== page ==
Stuff I know about ZIP

January 13, 2024 | Updated January 14, 2024

Inspecting ZIP files

You might want to install zipdetails or check if it’s already installed on your system. It’s useful for better visualizing a ZIP file’s structure. If you have a corrupted ZIP, zipdetails will hint at that.

Another great tool for inspecting ZIP files is a trusty hex editor.


I used the zip command to create a simple ZIP containing a file named file.txt with the text “Hello!” inside.

Here’s the zipdetails output for that file:

0000 LOCAL HEADER #1       04034B50
0004 Extract Zip Spec      0A '1.0'
0005 Extract OS            00 'MS-DOS'
0006 General Purpose Flag  0000
0008 Compression Method    0000 'Stored'
000A Last Mod Time         582DA5FB 'Sat Jan 13 20:47:54 2024'
000E CRC                   B042D89E
0012 Compressed Length     00000007
0016 Uncompressed Length   00000007
001A Filename Length       0008
001C Extra Length          001C
001E Filename              'file.txt'
0026 Extra ID #0001        5455 'UT: Extended Timestamp'
0028   Length              0009
002A   Flags               '03 mod access'
002B   Mod Time            65A3677A 'Sat Jan 13 20:47:54 2024'
002F   Access Time         65A372EF 'Sat Jan 13 21:36:47 2024'
0033 Extra ID #0002        7875 'ux: Unix Extra Type 3'
0035   Length              000B
0037   Version             01
0038   UID Size            04
0039   UID                 000003E8
003D   GID Size            04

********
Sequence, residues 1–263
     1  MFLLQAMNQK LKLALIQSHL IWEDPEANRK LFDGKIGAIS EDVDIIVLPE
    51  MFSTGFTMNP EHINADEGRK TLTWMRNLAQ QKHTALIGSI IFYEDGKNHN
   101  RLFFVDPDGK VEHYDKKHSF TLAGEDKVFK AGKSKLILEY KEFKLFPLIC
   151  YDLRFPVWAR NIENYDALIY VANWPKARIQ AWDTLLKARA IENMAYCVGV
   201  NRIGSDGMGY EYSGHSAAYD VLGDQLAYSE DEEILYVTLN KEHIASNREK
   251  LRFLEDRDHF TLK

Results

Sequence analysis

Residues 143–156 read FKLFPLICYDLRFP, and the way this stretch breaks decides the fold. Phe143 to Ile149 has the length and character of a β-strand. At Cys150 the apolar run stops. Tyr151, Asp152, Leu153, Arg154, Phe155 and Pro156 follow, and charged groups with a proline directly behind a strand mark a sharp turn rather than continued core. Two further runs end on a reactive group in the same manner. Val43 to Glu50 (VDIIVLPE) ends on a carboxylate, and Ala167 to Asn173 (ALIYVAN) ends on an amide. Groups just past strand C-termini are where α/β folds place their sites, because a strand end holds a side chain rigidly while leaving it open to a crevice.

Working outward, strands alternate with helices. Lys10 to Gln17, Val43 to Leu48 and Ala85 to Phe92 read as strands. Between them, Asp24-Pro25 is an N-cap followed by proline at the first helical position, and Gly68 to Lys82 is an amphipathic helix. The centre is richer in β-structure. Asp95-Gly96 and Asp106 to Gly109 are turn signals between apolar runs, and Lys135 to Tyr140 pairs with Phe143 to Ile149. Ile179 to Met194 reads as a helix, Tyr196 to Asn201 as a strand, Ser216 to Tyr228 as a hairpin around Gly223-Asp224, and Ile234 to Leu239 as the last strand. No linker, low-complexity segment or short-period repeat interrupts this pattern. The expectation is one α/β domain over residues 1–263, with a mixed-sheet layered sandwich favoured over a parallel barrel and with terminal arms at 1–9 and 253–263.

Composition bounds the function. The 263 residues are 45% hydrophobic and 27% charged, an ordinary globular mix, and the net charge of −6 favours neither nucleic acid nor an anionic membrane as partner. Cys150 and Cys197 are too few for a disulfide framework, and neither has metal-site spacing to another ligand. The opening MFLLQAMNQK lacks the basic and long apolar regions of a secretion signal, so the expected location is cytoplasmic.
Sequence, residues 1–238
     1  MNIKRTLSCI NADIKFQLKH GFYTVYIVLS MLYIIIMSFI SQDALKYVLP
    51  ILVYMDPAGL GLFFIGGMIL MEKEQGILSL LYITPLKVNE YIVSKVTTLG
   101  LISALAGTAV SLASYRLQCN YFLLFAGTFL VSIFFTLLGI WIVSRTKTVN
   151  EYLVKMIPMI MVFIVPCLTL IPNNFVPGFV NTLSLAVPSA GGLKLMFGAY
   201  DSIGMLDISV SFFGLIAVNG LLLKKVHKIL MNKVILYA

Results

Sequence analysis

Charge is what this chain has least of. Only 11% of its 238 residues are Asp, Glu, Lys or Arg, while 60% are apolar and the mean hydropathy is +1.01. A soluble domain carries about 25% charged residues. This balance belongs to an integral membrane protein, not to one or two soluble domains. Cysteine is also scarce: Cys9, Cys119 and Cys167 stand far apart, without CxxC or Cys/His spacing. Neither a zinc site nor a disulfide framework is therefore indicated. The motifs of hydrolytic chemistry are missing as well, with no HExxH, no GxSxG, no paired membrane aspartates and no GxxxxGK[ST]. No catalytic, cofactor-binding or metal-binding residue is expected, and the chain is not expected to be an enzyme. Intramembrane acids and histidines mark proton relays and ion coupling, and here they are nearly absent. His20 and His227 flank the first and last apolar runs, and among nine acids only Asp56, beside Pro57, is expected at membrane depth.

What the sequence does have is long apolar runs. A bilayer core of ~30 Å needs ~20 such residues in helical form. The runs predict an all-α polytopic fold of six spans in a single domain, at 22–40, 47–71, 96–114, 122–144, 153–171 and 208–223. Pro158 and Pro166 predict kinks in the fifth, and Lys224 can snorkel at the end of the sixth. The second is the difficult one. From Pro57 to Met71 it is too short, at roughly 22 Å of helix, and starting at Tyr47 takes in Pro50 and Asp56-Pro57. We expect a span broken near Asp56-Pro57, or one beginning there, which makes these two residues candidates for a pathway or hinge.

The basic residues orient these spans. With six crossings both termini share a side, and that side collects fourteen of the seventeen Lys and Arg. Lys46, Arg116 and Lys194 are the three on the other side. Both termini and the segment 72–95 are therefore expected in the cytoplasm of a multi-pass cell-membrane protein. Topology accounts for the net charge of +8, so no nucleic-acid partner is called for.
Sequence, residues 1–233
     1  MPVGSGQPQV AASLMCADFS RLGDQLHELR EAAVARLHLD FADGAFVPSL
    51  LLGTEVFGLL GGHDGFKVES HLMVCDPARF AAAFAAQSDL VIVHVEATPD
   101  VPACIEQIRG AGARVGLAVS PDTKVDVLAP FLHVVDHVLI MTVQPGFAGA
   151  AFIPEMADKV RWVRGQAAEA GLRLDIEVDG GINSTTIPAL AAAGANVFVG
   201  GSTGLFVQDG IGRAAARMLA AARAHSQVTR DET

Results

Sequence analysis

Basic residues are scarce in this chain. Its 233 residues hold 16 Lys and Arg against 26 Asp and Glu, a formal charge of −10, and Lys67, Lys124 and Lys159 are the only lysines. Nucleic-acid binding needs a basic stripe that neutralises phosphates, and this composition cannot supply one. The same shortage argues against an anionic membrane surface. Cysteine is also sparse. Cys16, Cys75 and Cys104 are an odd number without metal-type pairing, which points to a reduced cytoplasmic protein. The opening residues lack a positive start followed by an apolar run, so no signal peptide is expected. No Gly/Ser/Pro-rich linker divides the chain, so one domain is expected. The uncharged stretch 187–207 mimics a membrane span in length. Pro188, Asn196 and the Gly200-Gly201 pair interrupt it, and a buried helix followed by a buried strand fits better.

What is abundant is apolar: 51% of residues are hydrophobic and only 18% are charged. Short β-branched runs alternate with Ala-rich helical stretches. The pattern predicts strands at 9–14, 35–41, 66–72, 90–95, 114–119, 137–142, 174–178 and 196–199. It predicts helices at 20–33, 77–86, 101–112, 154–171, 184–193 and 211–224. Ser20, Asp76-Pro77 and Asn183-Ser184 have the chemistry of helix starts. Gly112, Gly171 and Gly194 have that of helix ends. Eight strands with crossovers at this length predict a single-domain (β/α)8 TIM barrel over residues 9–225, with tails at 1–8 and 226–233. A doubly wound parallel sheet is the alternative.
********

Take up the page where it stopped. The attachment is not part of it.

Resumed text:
003E   GID                 000003E8
0042 PAYLOAD               Hello!.

0049 CENTRAL HEADER #1     02014B50
004D Created Zip Spec      1E '3.0'
004E Created OS            03 'Unix'
004F Extract Zip Spec      0A '1.0'
0050 Extract OS            00 'MS-DOS'
0051 General Purpose Flag  0000
0053 Compression Method    0000 'Stored'
0055 Last Mod Time         582DA5FB 'Sat Jan 13 20:47:54 2024'
0059 CRC                   B042D89E
005D Compressed Length     00000007
0061 Uncompressed Length   00000007
0065 Filename Length       0008
0067 Extra Length          0018
0069 Comment Length        0000
006B Disk Start            0000
006D Int File Attributes   0001
     [Bit 0]               1 Text Data
006F Ext File Attributes   81B40000
0073 Local Header Offset   00000000
0077 Filename              'file.txt'
007F Extra ID #0001        5455 'UT: Extended Timestamp'
0081   Length              0005
0083   Flags               '03 mod access'
0084   Mod Time            65A3677A 'Sat Jan 13 20:47:54 2024'
0088 Extra ID #0002        7875 'ux: Unix Extra Type 3'
008A   Length              000B
008C   Version             01
008D   UID Size            04
008E   UID                 000003E8
0092   GID Size            04
0093   GID                 000003E8
ADD 0 7 CENTRAL HEADER ref Local #1: file.txt

0097 END CENTRAL HEADER    06054B50
009B Number of this disk   0000
009D Central Dir Disk no   0000
009F Entries in this disk  0001
00A1 Total Entries         0001
00A3 Size of Central Dir   0000004E
00A7 Offset to Central Dir 00000049
00AB Comment Length        0000


Here’s what the zip looks like in a hex editor (xxd in this case):

00000000: 504b 0304 0a00 0000 0000 fba5 2d58 9ed8  PK..........-X..
00000010: 42b0 0700 0000 0700 0000 0800 1c00 6669
00000020: 6c65 2e74 7874 5554 0900 037a 67a3 65ef  le.txtUT...zg.e.
00000030: 72a3 6575 780b 0001 04e8 0300 0004 e803  r.eux...........
00000040: 0000 4865 6c6c 6f21 0a50 4b01 021e 030a  ..Hello!.PK.....
00000050: 0000 0000 00fb a52d 589e d842 b007 0000  .......-X..B....
00000060: 0007 0000 0008 0018 0000 0000 0001 0000  ................
00000070: 00b4 8100 0000 0066 696c 652e 7478 7455  .......file.txtU
00000080: 5405 0003 7a67 a365 7578 0b00 0104 e803  T...zg.eux......
00000090: 0000 04e8 0300 0050 4b05 0600 0000 0001  .......PK.......
000000a0: 0001 004e 0000 0049 0000 0000 00         ...N...I.....

You probably noticed that the first 4 bytes there contain the local file header signature. That first PK plus 2 of the other bytes that are part of the signature.